How many beer-battered fish would you need to eat to give you a BAC of .062? Assuming you had not been drinking, of course, and this driver assured police he had not. Sure, the story’s a good one, but the fact that he had an open container in the truck and nine previous DWI convictions might provide a reason for further investigation.
Meanwhile in Saskatoon, “workers fled a Tim Horton’s restaurant after a patron threw a live snake behind the counter during an argument over sandwich toppings.” (Diced onions, specifically.) A police spokesman opined that the workers “were very frightened,” which she seems to have deduced from the facts that (1) they fled and (2) “there was quite a lot of screaming going on.” Neither the snake nor its owner turned out to be particularly dangerous, but both are in custody.
On December 10, the Gisborne Herald (NZ) reported that a disqualified driver (“disqualified”=license revoked) gave police his brother’s information after being stopped by police. One problem with that plan: his brother is also disqualified. Of course, this is not the first time this clever strategy has failed. See “Tips on Choosing a False Identity,” Lowering the Bar (Jan. 11, 2011) (noting two cases in which the person impersonated was also wanted by police).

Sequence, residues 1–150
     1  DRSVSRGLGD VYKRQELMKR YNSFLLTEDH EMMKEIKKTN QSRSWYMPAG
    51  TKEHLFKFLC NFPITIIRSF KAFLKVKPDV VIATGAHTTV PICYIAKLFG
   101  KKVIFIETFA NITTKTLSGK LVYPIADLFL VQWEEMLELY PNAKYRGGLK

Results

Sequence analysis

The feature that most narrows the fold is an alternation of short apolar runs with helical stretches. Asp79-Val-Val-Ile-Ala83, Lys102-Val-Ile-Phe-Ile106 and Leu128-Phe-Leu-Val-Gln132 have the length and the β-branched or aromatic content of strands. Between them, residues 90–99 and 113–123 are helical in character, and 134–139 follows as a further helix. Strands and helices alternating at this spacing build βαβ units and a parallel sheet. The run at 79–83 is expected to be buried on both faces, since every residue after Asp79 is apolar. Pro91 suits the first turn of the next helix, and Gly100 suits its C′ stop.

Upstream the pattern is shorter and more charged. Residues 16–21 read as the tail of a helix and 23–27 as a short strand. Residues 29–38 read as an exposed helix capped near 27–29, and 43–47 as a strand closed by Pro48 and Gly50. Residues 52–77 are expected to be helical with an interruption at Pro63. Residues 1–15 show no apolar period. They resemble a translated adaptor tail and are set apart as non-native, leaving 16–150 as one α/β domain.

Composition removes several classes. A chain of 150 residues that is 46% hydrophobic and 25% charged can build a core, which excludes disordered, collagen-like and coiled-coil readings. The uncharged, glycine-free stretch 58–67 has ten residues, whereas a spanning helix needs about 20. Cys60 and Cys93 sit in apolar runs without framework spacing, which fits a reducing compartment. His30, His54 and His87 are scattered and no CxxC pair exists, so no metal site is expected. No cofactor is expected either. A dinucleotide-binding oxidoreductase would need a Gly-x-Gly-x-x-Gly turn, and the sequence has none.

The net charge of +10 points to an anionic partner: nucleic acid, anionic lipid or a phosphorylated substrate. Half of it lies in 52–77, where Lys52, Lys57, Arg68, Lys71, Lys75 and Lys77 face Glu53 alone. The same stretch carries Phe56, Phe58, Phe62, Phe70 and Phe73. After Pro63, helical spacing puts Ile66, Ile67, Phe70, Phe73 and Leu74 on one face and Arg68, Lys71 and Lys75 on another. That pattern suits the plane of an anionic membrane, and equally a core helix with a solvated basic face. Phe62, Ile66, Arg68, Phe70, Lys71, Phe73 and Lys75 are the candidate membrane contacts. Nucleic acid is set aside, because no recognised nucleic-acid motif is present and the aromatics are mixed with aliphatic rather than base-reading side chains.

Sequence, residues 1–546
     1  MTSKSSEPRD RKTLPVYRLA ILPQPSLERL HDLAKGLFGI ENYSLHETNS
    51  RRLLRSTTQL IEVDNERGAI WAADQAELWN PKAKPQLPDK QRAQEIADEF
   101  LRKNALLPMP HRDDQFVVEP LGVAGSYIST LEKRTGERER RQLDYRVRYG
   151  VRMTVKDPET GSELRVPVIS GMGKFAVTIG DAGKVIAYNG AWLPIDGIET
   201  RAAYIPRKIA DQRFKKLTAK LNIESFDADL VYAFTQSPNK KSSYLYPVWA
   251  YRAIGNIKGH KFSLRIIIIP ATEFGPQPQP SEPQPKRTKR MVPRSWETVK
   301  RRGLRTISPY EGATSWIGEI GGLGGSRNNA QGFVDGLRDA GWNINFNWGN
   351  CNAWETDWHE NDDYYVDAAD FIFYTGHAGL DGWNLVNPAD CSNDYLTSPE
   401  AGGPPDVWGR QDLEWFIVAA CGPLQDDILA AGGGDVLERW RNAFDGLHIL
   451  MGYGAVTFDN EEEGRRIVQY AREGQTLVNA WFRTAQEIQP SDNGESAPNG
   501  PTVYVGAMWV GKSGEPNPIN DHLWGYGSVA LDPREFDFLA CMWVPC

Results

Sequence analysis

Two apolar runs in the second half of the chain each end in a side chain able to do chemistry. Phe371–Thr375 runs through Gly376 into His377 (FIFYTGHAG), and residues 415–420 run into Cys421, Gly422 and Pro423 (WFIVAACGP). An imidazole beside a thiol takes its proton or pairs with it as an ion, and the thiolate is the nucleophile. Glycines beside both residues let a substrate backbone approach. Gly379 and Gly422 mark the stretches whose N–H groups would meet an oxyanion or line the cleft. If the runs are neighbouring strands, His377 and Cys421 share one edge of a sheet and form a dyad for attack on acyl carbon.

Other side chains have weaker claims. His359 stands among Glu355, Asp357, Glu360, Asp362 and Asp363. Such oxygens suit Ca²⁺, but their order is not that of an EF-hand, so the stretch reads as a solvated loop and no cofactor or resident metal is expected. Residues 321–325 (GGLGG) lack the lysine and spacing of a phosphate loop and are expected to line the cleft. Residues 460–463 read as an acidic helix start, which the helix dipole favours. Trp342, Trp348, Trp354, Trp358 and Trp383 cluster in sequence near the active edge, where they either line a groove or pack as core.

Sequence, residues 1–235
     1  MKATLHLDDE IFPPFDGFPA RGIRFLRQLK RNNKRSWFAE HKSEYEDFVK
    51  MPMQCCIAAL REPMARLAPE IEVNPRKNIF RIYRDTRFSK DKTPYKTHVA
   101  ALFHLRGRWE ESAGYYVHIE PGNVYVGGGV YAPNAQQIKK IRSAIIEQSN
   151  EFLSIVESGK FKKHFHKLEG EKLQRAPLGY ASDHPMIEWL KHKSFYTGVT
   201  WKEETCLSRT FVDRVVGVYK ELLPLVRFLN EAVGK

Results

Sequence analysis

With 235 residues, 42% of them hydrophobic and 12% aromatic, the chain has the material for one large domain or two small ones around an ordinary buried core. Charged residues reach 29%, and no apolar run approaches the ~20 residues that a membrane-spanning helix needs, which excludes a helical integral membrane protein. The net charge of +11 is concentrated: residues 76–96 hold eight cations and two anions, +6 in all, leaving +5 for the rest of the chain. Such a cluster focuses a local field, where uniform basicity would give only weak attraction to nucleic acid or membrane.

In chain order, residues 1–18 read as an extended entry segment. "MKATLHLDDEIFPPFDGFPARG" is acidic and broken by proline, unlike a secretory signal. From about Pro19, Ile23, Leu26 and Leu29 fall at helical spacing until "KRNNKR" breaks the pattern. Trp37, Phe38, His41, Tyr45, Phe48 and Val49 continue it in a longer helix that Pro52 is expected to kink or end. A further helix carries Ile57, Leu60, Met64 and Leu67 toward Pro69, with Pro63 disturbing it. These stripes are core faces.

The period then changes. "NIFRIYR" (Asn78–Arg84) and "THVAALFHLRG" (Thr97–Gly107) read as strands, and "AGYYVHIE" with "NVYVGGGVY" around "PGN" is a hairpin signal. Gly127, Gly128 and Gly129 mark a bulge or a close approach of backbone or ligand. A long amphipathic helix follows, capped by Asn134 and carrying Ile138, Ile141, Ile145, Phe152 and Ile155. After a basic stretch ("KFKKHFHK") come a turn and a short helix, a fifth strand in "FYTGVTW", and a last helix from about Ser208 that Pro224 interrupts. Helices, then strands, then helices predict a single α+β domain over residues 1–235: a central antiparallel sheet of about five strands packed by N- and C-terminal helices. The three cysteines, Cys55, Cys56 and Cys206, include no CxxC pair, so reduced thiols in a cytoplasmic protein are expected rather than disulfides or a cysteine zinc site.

Speaking of impersonations, this week a federal judge in California dismissed the second of two named plaintiffs who were suing Apple for alleged antitrust violations that they claimed harmed iPod owners from 2006 to 2009. Turns out neither of the plaintiffs actually owned an iPod during that time. That’s awkward, because a class action is based on the idea that the named plaintiff is actually representative of class members, and if they aren’t … well, no class action. And if their status was ever misrepresented to the court … bad for other reasons.
To be fair, the case has only been pending for ten years (it’s about iPods, not iPads), and you know how busy lawyers can get. Still, it is generally a good idea to make sure that you actually have a client at some point during the first decade, or at least before the trial starts.